Street photography brings out the candid moments and reflects the regular lives of people as they go about life. It gives a glimpse into the lives of every culture in any country. Whether it’s a person riding on a bicyle whilst texting or a little girl getting her braids done each moment captured on a smartphone or dslr tells a deep visual story.
Shooting street photography in Accra is not much different from doing same in some cities. it is not an exactly photo friendly city in all honest opinion. The city has a lot of history but less artsy locations, events and monuments to shoot at. If not for annual art festivals like #ChaleWote2015 there’s little going on in the city with regards to festivals and large outdoor events.
I have been on several photowalks in Accra and led one in Kumasi in May for the Blogging Ghana Blogwalk event. There was a such marked difference between taking street photos in the two cities. The difference being the reaction of people to your shooting. Kumasi citizens are more photo friendly than people in Accra.
When shooting street photography in Accra whether as a tourist or during a photowalk take note of the following tips and cautions:
1. DO NOT not take photos of military, and government buildings. This is common in most cities in the world. Unless those institutions have contracted you, it’s a no-go area.
2. We have national monuments such as the Black Star Square the second largest city square in the world, Kwame Nkrumah’s Memorial Park etc. Some security men there would try and exhort monies from you as you try to take photos. Take a stance and not pay. It’s a national monument like the Eiffel Tower and I don’t recollect anyone asking me to pay for taking photos of the Old Lady. Unless you are taking close up shots of the Independence Arch which you might need permission for; the rest is free to your lens.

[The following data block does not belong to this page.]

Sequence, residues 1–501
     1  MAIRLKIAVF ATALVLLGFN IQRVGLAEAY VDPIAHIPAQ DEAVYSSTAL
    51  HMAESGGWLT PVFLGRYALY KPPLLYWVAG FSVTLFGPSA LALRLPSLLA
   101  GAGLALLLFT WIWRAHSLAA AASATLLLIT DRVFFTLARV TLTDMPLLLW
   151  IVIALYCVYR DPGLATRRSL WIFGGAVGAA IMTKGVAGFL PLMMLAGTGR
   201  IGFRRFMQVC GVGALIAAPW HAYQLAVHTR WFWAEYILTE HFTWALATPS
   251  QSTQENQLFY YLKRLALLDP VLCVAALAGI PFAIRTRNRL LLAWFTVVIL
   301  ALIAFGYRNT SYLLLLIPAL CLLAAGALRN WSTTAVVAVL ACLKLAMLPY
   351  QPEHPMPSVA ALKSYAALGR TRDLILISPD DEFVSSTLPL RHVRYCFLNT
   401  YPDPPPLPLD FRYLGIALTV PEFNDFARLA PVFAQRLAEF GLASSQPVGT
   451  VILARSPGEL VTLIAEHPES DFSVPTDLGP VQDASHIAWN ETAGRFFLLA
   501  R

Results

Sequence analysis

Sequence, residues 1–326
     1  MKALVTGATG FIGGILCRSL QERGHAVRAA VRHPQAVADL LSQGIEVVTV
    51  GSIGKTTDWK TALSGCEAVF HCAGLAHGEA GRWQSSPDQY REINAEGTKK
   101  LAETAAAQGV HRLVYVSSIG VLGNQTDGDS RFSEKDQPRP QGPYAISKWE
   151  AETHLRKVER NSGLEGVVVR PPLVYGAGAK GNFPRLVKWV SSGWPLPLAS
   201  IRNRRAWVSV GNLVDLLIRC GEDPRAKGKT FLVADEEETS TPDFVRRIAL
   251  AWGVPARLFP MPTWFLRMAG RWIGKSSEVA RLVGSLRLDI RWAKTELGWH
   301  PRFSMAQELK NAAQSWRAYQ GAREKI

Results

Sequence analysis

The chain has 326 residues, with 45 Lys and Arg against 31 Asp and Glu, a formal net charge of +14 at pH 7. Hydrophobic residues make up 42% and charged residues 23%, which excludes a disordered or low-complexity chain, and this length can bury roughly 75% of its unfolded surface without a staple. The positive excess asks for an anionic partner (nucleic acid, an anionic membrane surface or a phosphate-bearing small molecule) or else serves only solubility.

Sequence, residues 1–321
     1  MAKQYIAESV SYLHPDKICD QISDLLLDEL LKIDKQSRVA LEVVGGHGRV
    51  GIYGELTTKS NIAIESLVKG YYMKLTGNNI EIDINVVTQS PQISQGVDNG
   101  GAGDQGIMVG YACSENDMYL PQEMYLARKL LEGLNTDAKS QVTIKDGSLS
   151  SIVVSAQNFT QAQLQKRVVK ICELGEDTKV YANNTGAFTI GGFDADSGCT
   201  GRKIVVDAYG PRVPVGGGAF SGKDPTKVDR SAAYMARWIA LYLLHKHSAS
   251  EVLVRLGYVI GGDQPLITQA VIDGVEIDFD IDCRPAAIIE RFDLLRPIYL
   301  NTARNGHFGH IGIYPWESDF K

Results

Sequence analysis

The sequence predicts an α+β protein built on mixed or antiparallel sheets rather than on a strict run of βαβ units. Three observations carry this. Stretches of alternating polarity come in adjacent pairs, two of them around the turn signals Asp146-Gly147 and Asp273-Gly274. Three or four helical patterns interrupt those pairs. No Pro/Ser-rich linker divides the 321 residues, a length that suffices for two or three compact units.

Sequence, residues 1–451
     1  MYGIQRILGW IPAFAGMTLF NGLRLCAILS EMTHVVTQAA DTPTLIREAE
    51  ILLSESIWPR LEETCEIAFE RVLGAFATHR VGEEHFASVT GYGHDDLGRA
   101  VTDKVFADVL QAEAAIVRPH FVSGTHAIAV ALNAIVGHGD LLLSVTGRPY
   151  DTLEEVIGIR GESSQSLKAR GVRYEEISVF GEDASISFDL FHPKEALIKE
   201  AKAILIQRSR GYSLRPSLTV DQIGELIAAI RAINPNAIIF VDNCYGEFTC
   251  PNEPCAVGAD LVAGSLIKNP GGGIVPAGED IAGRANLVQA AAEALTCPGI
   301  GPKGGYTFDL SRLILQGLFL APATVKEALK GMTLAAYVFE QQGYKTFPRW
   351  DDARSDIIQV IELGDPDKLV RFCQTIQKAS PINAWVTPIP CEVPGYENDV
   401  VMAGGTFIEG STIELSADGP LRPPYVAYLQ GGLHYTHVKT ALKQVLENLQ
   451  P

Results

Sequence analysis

3. DON’T take photos of people without asking their permission. DO ask their permission by explaining what the photo is for. You can score points by speaking in their native language (ask them if they speak Twi or Ga depending on the locality you are shooting in) If you have a local guide all the better. Taking a local guide opens up an area to you which you would have never been able to access on your own. This was very useful during the blogwalk in Kumasi. Failure to do so will result in colourful insults being rained on your head. Your request could be met with a scowl and a negative response. Just thank them and move on.
4. DO assure the subjects that they will not be coming into the photo but you are interested in the work they are doing. You can show them the photo afterward to reassure them.
5. DO show the subject ofyour photograph after taking the shot. It brings a smile to their face. I got a lot of it during the photowalk in Kumasi.
6. When taking photos of buildings (non-military/non-governmental) if there’s someone within the building or sitting infront of it, give them notice before doing so. You are likely to get enquiries of what you are up to.
7. DO use your smartphone for quick grab photos. This is convenient for areas which may not be dlsr friendly.
8. DO use small sized lens. You don’t want to scare people with long lenses being pointed in their faces.
9. DO take a power bank with you for your smartphone. The ever-endless power crisis in the country, which according to Dr. Paa Kwesi Ndwom will not end this year; hasn’t abated and you need a back-up for your phone.
Gone on any photowalks in Accra? What was your experience? Good, bad or ugly? Share in the comments below and lets discuss how we can build content on Ghana using photography.